10. Features: A strong sense of teamwork exists across the organization Processes are continuously and systematically improved New technologies are proactively pursued and deployed Data is used to evaluate and select process improvements Maturity Level 5: Optimized - Generic Keep up the good work!!!! Continuous Improvement 10

  11. How to determine the organizational Project Management maturity level? • There are many maturity models (OPM3, CMM, etc.) to evaluate and track an organization • Some questions to consider are: • Are the business processes within the organization repeatable? • Is any project methodology followed? • Is any project data captured? Any Software tools used? • How are projects chosen and initiated? • How are project roles determined? • How is project information communicated? • How are the executives in the organization kept informed on the projects? • Are there certified project managers in the organization? 11

  12. When should the organization start looking to improve? • As soon as possible • One can prevent problems now or repair damages later. And “later” always has latent costs. In SEI’s study of six sample organizations, companies that measured maturity achieved : - 35 % increase in productivity - 19 %decrease in time to market - 39 % reduction in post-release defects -Mike Phillips, Program Manager Capability Maturity Model Integration, SEI 12

  13. How does an organization determine its current level of maturity? • By doing the assessment To navigate the journey of performance improvement, you must know where you are and how to get where you want to be. 13

  14. How to do the assessment? • Project Management experts perform the maturity assessment by: • Using proven tools like OPM 3 or PMMM • Staff interviews • Artifact evaluation • Survey evaluation • Benchmarking in comparison to established standards The current maturity is determined by performing a detailed maturity assessment of organization’s capability, weaknesses, and overall business goals 14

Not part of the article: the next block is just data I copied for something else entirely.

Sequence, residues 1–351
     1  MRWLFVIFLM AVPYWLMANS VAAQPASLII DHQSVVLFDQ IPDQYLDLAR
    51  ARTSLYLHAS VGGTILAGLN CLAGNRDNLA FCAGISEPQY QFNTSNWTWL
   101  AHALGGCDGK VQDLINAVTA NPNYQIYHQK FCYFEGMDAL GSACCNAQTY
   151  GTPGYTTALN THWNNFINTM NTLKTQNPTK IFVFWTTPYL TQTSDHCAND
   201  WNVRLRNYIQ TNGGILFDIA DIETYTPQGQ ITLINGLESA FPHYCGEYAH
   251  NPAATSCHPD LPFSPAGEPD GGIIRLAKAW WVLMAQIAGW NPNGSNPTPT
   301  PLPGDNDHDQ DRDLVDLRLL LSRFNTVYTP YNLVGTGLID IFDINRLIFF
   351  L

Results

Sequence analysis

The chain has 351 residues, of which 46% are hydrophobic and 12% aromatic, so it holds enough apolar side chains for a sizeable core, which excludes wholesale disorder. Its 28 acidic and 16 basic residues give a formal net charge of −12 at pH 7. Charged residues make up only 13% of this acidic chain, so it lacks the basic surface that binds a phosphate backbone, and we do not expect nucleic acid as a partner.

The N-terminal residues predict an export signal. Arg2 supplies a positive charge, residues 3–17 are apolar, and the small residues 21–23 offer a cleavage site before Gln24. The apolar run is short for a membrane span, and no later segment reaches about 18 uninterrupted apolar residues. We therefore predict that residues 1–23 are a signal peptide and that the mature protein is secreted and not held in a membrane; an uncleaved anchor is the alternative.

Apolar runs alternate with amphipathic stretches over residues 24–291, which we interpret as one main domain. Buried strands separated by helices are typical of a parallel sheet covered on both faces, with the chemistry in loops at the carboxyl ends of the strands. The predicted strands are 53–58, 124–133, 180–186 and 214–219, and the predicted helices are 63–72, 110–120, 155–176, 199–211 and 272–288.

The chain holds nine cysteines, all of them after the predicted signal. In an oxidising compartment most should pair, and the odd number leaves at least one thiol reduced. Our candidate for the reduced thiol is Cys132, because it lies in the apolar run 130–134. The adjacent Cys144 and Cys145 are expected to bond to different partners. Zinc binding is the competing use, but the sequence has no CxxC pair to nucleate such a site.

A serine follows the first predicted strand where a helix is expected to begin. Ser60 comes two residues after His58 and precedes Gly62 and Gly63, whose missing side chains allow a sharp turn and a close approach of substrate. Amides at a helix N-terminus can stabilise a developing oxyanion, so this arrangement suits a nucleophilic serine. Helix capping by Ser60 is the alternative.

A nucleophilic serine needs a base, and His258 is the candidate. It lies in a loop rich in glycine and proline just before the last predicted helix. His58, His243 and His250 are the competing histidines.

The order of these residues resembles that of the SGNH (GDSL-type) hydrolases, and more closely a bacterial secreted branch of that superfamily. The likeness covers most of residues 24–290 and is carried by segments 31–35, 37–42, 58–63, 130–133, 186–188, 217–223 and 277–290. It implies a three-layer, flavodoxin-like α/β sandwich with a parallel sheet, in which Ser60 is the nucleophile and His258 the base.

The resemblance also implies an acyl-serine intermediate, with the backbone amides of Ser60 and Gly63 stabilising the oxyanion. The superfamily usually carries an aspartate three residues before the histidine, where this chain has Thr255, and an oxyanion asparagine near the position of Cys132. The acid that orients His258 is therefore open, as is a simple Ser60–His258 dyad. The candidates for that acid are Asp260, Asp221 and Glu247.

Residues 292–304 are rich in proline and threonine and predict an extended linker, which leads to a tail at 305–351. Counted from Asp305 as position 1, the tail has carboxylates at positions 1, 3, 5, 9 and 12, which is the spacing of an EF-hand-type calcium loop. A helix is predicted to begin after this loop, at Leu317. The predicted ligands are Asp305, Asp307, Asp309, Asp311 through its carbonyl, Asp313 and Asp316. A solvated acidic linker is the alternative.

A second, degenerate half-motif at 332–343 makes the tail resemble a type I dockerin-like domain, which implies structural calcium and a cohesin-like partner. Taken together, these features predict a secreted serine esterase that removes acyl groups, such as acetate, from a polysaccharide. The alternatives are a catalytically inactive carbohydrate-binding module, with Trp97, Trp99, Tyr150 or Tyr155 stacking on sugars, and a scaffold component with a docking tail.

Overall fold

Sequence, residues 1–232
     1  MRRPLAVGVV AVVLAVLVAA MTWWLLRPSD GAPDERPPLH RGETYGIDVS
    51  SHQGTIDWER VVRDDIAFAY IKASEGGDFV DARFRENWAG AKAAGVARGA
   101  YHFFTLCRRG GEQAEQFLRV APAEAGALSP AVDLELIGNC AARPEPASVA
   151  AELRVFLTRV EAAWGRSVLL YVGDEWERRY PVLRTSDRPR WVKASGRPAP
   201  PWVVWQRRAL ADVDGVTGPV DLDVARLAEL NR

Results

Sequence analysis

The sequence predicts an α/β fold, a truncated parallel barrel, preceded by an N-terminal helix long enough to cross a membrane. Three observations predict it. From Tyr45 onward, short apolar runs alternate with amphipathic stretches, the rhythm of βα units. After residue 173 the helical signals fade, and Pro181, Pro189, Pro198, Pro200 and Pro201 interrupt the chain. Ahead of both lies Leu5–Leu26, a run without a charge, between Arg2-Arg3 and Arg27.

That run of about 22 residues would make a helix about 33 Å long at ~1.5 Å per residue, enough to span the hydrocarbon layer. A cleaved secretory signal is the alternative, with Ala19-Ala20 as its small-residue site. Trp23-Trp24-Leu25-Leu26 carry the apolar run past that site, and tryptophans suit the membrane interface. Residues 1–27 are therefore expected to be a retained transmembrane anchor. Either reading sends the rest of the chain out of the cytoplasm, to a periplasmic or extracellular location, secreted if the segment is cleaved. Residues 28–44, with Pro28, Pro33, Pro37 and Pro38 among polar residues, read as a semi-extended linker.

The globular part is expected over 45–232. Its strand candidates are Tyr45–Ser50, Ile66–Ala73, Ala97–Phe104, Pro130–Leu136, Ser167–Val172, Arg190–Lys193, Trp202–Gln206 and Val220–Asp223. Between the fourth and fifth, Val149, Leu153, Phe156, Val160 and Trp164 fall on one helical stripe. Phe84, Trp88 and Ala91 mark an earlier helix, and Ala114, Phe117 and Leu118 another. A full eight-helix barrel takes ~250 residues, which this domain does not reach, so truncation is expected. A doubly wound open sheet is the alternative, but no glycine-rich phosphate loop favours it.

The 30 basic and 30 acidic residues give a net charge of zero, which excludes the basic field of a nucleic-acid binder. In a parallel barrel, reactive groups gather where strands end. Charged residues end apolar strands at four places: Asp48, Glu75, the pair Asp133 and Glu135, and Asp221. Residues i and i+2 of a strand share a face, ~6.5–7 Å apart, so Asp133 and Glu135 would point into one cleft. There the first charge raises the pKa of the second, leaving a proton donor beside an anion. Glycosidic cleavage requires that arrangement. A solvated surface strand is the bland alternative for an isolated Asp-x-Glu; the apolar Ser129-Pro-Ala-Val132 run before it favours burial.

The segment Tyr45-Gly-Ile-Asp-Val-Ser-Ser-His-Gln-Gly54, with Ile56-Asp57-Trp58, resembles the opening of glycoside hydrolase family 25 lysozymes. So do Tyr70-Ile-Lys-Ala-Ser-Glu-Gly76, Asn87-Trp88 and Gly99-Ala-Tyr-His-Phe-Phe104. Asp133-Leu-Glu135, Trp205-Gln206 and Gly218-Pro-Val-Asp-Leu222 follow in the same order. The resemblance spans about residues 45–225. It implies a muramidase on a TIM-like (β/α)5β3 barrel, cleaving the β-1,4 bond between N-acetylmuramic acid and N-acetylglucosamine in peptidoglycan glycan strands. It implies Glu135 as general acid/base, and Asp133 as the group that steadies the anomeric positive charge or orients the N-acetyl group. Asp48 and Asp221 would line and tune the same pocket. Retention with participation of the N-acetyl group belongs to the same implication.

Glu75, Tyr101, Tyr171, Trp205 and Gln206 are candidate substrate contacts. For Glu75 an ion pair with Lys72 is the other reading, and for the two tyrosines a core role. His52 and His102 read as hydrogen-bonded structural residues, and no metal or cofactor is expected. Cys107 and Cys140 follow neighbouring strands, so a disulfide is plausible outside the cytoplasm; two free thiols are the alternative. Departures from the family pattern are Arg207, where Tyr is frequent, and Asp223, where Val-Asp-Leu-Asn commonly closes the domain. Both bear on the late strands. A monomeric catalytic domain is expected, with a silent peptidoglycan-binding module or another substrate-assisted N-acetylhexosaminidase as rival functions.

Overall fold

15. Maturity Models Maturity models serve as objective scorecards to measure and track progress. Here are some common maturity models: • Organizational Project Management Maturity Model (OPM3) - PMI • Project Management Maturity Model (PMMM) - Kerzner • Capability Maturity Model Integration (CMMI) – SEI • ESI International’s Project Framework - ESI The best model is the one that can easily connect to real needs of the organization 15

  16. Maturity Models 16

  17. Benefits of Maturity Models • Provide a roadmap for strategic improvement • Allow to look into the organization’s strength and weakness • Assess organization’s project management against agreed criteria • Set realistic targets for improvement • Measure progress towards enhanced capability • Identify the links between needs and real education requirements Think of the maturity model as a corporate stethoscope that can assess and diagnose organization’s health 17

  18. Success Factors • Consistent effort • Strong executive management support • Emphasis on project management best practices • Setting reasonable goals • Implementing changes step by step • Project management training • Sharing knowledge across the organization • Anticipating incremental improvement Maturity is an on-going process, Organizations must be willing to stay abreast of changes in the field of project management, seek out best practices and implement these changes. 18

  19. Summary • Organizations can benefit from the Organizational Project Management Maturity • Maturity Models offer proven roadmaps to project management success • Organizations with higher levels of maturity deliver portfolios with more efficiency 19